Last week, a report from New York-based global investment news site BrightWire.com suggested that Apple's upcoming smartphone, the iPhone 6, will (finally) support near-field communications (NFC) technology. BrightWire.com cited "a source close to the matter."
As recently as 2012, Apple's SVP Phil Schiller stated that NFC was not "the solution to any current problem," so the company didn't build NFC into the iPhone at that time. Of course, that was nearly two years ago, and new problems, and solutions, exist in the today's tech world. Apple had also filed a European patent for "an electronic device with shared near-field communications and sensor structures" in the winter of 2013, which suggest it is still experimenting with NFC, at the very least.
I've been covering NFC for a long time, and other smartphone makers have built NFC into their devices for quite some time now, including Samsung and BlackBerry. Apple's hesitance to embrace the technology is one of the leading reasons NFC hasn't really taken off.
While some NFC-based features have proven to be pure novelty, one use of NFC could be particularly valuable to enterprises: NFC-based access control. This idea is not a new one; for example, HID Global, a maker of physical-access cards and readers, already offers NFC-based systems. (Read about Good Technology's experience with NFC access control here.)
The release of an iPhone with NFC could be just the boost the technology needs to take the next step toward enterprise ubiquity. Recent research from Good Technology suggests that its customers rolled out far more iOS smartphones than any other device in the first quarter of 2014, with iPhones representing 52 percent of total device activations, compared to Android smartphones' 27 percent. (It's worth noting that BlackBerry, which is still popular in the enterprise, is not included in Good Technology's numbers.)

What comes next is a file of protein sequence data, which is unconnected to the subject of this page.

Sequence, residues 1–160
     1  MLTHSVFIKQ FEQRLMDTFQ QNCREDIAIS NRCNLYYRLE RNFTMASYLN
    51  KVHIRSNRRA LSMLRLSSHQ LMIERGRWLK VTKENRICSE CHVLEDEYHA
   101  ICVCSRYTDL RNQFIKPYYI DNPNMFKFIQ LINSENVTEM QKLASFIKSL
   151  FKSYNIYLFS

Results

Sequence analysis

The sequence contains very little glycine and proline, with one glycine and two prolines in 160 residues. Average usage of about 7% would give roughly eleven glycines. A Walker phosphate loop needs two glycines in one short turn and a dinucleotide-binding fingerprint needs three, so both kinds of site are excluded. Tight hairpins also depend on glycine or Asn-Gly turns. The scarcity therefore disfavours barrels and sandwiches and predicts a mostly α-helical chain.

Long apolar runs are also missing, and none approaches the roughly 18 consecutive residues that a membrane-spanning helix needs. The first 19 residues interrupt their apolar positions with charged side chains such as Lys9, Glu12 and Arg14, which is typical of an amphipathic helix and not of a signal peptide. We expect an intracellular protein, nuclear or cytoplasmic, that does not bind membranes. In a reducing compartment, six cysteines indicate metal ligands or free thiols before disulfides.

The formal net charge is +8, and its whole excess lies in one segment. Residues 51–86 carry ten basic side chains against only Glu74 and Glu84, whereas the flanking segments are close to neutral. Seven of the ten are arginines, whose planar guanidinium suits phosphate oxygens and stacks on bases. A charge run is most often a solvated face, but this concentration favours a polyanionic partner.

One iPhone feature in particular could give it an enterprise edge over other popular devices: The Touch ID fingerprint reader.
When Touch ID was released last fall along with the iPhone 5S, I was skeptical because Apple wouldn't share specifics about Touch ID security. I reached out to Apple for details at that point but I still haven't heard back. (Something tells me I probably won't.) Since then, Touch ID has become my single favorite iPhone feature, because it's simple to use, works well and is very reliable. I test a lot of phones, and after using the iPhone 5S for months, typing in my password on other phones seems like an unnecessary chore.
Samsung's latest Galaxy smartphone, the S5, also has a fingerprint reader, but the Galaxy line's enterprise popularity pales in comparison to the iPhone's.
Combining NFC access control with Touch ID authentication on the iPhone 6, and other iOS devices, would add an extra layer of security to access control systems, both physical and digital. And it could go a long way toward validating NFC for the enterprise, as well as the mass market. Of course, Apple will have to open up a bit about Touch ID security and demonstrate the integrity of its fingerprint safeguards in iOS.
The release of an NFC iPhone would also lead to more developer and vendor focus on NFC-based services and features, and that can only be a good thing for both businesses and consumers, and Apple of course.